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20-Sep-2017 05:02

Half of the budget is entitlement programs, and 32% of those go to the poorest quintile, so they would get an extra billion. But it’s hard to come up with remotely plausible numbers in which the poor and working-class are better off with the tax bill than without it.I think the assumptions I plugged in were overly generous: the bill won’t really increase growth 1%, and although poor people have 3% of income they get much less than 3% of economic gains.Point 2 is why I stress the economists saying that the gains from cutting corporate taxes really won’t have that much effect on growth. If the government were a perfect effective altruist, it would be no contest – them having the money would be thousands of times more effective than random corporations (or even random middle-class people) having it.Even if the government were to give the money as a tax break to the working classes, it still seems really obvious to me that the increased utility swamps any effect from higher economic growth.She says “Alice’s work is the most important thing in this town, but taxing Bob destroys wealth for no reason.Some of the town elders support tax breaks for Bob, and others support tax breaks for Alice.We could give the break to Bob, and have a nominally better economy, but it would just lead to more people buying virtual cats.It could be that the extra two dollars’ of wealth destroyed by Bob’s taxes was some sort of useful machinery, and so taxing Bob harms economic growth.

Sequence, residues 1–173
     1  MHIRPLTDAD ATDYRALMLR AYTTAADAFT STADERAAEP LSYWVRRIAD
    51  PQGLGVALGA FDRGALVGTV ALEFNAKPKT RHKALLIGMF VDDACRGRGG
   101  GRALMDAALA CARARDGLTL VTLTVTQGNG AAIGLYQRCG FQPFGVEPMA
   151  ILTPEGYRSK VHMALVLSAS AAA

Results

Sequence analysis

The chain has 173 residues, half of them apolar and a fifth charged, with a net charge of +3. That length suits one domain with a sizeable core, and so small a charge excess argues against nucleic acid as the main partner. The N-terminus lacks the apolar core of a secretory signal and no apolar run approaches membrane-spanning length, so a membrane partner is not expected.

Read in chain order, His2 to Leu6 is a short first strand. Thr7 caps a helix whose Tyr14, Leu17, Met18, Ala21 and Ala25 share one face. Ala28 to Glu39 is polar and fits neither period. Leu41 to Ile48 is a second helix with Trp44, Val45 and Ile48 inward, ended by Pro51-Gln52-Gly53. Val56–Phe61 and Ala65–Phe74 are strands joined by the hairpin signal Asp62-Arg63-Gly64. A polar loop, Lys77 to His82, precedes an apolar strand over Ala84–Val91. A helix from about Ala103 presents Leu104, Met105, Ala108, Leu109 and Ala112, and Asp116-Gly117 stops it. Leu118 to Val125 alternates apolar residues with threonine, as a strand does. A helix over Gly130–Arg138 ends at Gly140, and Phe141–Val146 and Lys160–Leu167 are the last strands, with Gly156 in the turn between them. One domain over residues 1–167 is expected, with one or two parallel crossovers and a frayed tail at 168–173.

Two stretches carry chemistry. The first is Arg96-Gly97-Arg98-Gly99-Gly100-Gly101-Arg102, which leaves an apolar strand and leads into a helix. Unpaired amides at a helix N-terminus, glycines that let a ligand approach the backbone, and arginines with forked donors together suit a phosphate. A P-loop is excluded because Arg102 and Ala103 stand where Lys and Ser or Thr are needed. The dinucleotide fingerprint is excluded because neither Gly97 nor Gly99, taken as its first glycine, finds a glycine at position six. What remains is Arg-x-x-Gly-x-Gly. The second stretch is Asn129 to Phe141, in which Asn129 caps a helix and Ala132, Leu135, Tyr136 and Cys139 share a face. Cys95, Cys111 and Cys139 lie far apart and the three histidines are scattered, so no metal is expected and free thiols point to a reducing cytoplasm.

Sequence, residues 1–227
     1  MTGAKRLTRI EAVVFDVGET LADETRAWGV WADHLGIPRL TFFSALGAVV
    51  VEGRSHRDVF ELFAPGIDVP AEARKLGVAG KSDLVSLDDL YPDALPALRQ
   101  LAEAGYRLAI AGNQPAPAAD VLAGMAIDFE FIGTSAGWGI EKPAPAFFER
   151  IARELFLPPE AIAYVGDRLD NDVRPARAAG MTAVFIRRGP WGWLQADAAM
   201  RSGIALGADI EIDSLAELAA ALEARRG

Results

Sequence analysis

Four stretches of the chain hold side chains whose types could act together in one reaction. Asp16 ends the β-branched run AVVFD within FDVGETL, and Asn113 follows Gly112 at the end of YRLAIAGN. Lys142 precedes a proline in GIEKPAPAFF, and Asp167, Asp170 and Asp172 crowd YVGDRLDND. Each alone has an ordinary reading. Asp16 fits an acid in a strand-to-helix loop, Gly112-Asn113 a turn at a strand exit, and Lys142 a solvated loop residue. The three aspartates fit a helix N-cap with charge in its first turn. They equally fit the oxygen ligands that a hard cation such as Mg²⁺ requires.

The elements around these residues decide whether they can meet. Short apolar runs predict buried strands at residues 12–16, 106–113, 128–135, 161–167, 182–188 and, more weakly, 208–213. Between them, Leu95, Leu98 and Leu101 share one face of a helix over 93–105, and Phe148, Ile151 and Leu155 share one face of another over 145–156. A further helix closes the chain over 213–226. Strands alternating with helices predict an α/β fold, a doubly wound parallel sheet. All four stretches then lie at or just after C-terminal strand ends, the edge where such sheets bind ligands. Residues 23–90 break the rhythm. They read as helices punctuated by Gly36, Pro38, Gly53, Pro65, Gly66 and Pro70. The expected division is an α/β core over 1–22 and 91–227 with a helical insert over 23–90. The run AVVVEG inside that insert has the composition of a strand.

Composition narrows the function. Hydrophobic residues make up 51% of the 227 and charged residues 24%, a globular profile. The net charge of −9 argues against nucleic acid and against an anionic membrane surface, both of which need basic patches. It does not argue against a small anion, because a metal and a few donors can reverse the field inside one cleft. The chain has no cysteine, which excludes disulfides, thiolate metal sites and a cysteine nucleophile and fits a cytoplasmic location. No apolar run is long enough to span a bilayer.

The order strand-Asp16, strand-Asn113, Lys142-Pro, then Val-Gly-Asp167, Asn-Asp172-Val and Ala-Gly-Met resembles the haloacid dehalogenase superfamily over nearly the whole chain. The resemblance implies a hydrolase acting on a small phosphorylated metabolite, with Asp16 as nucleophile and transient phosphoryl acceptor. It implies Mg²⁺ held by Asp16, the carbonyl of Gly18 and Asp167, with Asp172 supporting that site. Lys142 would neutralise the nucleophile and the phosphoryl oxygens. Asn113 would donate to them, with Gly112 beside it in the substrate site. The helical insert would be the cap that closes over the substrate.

Or should we be comparing it to the best possible use for that money?

But although I agree there’s a multiplier, I don’t know if it’s this big.